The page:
The Russians lost a generation of skaters. There was no money. Many of their top coaches emigrated to other countries. Even Tamara Moskvina was in New Jersey for awhile back in the early 2000s. I think the reason why the Russian ladies were the first to come back after this drought is because they can succeed at a high level when they are still in their teens. Look at the ages of their female skaters in PyeongChang. Male skaters rarely make it to that level when they're that young. Kolyada and Aliev show promise, but they aren't soup yet. Then there was Adian Pitkeev, who dropped out of the sport because of injuries. As for pairs and dance, those skaters also tend to be older. Or at least the male halves of these teams tend to be older. The average 16-year-old male skater can't lift a partner and throw her around as easily as a 22-year-old male skater.
 

essence_of_soy

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It costs a small fortune to create a skater these days. A lot of families just don't have the financial commitment.

Sadly, there is also no where near the same amount of money to be made doing the sport, too.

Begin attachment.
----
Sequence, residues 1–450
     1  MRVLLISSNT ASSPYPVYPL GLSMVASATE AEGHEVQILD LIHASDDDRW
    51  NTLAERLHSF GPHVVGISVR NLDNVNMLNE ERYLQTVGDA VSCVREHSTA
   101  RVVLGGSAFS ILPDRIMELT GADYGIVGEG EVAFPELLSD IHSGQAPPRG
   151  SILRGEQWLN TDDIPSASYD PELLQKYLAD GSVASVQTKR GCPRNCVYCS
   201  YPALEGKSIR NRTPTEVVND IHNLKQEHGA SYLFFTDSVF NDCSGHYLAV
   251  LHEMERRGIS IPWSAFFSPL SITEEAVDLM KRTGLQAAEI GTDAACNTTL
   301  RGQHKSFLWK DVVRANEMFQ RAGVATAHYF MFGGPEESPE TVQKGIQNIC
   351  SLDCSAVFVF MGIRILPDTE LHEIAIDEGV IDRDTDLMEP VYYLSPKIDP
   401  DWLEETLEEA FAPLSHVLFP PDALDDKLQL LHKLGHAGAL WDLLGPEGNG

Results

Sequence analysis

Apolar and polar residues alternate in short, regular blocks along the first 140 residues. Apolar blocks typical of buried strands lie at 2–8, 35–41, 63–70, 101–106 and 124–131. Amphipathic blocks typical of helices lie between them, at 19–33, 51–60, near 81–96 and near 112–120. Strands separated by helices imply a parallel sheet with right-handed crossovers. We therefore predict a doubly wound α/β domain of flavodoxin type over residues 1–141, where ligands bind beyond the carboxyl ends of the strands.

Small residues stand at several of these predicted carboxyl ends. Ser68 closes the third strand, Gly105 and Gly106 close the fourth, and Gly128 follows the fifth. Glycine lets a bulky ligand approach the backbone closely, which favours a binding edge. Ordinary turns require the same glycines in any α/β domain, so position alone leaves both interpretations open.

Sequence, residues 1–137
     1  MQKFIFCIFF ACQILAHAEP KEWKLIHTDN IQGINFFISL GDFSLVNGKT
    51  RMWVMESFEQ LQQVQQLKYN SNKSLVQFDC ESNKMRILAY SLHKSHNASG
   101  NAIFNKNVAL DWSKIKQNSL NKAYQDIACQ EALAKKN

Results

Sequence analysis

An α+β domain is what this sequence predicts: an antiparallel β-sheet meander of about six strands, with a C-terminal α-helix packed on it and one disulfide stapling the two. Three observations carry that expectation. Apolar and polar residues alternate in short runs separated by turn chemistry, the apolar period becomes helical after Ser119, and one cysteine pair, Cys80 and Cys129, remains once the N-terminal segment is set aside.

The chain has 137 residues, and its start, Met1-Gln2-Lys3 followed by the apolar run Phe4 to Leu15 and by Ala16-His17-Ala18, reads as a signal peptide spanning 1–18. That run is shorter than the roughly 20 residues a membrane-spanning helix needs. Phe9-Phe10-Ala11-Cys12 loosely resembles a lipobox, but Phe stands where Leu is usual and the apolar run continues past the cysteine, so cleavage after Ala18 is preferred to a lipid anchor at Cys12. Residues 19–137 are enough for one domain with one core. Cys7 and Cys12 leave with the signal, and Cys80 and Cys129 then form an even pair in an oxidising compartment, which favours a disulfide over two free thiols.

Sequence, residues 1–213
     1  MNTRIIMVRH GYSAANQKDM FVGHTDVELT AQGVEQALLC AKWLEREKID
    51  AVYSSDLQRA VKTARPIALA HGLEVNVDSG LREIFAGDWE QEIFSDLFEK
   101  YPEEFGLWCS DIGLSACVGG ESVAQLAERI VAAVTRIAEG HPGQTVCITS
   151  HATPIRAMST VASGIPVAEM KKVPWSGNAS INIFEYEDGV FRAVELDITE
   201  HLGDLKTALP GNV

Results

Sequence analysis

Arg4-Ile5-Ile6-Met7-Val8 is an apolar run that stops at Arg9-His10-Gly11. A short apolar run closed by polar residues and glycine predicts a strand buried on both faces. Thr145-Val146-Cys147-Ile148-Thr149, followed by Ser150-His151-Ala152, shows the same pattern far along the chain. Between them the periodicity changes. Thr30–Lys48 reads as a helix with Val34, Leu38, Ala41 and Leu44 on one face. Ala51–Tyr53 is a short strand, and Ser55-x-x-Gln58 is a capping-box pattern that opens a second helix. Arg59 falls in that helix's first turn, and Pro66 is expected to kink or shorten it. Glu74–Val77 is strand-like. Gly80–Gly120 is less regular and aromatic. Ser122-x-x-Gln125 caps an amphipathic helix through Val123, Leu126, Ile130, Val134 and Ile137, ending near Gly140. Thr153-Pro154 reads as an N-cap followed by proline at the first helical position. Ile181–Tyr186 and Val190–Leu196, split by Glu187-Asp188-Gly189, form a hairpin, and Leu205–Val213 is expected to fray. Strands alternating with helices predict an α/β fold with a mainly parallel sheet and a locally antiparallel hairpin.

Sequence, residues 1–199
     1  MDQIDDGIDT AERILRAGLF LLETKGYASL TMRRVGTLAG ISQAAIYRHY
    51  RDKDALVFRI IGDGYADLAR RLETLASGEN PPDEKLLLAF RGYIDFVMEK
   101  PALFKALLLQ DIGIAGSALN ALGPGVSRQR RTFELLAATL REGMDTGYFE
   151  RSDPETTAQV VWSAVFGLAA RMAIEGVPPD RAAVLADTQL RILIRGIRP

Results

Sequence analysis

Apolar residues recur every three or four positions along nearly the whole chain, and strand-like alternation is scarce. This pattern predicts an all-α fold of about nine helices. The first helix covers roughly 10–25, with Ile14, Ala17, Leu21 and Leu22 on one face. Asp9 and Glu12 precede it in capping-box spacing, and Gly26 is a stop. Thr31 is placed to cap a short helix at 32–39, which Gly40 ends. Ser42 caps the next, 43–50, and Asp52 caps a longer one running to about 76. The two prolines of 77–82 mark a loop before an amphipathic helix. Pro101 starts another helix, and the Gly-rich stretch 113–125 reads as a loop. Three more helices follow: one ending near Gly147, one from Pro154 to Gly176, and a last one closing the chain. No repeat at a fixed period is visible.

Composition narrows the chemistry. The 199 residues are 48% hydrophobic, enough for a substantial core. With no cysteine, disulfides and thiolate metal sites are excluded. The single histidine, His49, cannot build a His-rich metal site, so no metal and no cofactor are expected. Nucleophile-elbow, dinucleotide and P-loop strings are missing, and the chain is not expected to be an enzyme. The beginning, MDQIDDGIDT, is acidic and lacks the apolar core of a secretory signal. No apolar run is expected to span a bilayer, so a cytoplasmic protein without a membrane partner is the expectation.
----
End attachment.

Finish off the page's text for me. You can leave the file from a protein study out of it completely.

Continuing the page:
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Jammers

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This slump was to be expected when you think about it if not for the plane crash in 1961 the US women would have medaled at every Olympics for an unprecedented 52 years which not even the Russians have done in Pairs or Ice Dance but i'd figure by now that the US would start contending for medals after a low point nearly a decade ago but it's going to take time in the lower ranks to build up contenders and hopefully by 2022 some unknown 12 year old's will be the new generation to bring back the glory of US Ladies.
 
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Domshabfan

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This slump was to be expected when you think about it if not for the plane crash in 1961 the US women would have medaled at every Olympics for an unprecedented 52 years which not even the Russians have done in Pairs or Ice Dance but i'd figure by now that the US would start contending for medals after a low point nearly a decade ago but it's going to take time in the lower ranks to build up contenders and hopefully by 2022 some unknown 12 year olds will be a new generation to bring back the glory of US Ladies.